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11 May 2010updated 27 Sep 2015 2:19am

Hopes dashed as progressive alliance is buried for another generation

Labour MPs show that they are not fit for office. But Tory troubles do not end here.

By James Macintyre

This comes from the scrum outside parliament, where the media have gathered to witness the end of the Labour government and the crowning of the media-friendly Tory leader, David Cameron.

I have already expressed my views about the Labour MPs who helped that process by publicly choosing opposition and what they perceive to be their own interests over those of the country.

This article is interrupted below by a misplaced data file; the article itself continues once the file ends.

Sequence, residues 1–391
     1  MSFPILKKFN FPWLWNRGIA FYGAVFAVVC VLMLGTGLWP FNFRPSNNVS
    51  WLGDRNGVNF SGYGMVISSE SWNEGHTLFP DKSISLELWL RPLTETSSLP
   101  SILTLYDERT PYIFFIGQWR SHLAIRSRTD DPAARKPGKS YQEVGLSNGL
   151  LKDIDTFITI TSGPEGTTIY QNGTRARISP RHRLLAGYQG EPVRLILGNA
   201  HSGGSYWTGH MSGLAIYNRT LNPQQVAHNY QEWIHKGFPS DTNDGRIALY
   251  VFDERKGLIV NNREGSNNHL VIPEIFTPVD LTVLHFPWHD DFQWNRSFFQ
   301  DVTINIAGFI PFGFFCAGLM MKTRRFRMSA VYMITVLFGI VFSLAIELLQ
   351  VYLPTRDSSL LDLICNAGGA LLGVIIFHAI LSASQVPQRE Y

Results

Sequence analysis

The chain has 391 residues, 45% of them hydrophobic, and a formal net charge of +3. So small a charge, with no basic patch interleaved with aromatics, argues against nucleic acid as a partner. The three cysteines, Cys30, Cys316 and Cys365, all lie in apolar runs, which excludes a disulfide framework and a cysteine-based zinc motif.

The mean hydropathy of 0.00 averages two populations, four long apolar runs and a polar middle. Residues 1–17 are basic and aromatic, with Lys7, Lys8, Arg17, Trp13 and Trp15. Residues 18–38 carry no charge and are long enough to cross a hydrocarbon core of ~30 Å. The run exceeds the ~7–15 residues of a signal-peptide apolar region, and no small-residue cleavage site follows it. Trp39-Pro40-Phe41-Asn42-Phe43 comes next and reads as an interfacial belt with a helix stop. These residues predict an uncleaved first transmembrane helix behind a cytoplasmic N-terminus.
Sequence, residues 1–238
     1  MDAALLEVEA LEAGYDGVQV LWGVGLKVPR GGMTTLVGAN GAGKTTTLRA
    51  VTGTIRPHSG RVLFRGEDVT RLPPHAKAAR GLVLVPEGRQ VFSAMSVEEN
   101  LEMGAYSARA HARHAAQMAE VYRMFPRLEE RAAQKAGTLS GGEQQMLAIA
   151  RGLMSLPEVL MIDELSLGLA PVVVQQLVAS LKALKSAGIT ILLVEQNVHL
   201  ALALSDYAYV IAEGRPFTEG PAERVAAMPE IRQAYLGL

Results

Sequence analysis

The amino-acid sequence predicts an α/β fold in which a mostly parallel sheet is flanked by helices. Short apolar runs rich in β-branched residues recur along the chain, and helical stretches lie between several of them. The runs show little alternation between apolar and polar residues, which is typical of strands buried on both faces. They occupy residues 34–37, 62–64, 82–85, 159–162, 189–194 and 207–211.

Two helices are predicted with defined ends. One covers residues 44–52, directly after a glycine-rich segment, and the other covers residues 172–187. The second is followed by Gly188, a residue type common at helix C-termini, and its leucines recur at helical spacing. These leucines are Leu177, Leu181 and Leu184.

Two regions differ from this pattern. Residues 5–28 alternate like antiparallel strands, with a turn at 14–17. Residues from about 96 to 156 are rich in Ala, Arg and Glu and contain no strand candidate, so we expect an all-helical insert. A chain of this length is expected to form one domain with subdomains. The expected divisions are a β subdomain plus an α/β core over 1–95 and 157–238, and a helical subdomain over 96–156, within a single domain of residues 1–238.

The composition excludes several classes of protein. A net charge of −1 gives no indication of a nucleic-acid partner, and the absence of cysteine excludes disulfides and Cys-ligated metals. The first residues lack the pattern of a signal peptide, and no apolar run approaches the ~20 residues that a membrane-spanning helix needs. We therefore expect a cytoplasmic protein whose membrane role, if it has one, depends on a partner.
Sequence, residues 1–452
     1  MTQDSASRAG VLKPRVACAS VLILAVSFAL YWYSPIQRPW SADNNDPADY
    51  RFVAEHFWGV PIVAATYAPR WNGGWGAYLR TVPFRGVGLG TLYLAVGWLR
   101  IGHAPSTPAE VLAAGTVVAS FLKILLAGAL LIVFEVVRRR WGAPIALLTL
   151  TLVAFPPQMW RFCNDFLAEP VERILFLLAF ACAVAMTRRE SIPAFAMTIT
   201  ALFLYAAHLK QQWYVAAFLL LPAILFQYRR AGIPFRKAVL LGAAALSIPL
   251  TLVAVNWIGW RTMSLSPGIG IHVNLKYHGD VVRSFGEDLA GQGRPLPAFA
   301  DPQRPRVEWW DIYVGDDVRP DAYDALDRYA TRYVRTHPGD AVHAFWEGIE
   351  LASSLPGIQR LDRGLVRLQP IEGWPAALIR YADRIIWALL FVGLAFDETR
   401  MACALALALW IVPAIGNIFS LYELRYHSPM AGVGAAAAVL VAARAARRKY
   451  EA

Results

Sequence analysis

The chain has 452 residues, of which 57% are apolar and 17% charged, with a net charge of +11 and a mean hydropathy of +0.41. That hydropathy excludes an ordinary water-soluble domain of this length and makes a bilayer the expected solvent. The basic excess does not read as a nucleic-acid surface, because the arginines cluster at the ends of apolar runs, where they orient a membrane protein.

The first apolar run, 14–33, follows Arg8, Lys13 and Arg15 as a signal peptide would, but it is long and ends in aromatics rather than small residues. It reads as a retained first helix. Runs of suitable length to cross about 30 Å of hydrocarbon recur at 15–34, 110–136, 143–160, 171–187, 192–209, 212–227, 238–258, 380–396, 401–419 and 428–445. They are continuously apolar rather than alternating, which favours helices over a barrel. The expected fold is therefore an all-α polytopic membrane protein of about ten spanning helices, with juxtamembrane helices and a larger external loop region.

“We want to keep our seats,” one says. As a result of that, and the willingness of the Lib Dems to prop up a Tory government diametrically opposed to its core values (a willingness I am the first to admit I badly underestimated), the dream of a reunification of the Labour and Liberal movements lies in tatters.

Instead, Labour will enter opposition and a leadership contest that is for another day.

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However, with major divisions in all three parties brought about by this extraordinary election, Cameron’s leadership should not celebrate too hard yet. I just bumped into a senior Eurosceptic Tory MP who is opposed to a coalition and told me he had just told Cameron as much. He also expressed deep concerns about how the two parties could agree on Europe. Indeed.

Well, that and many other things are their shared problems now.

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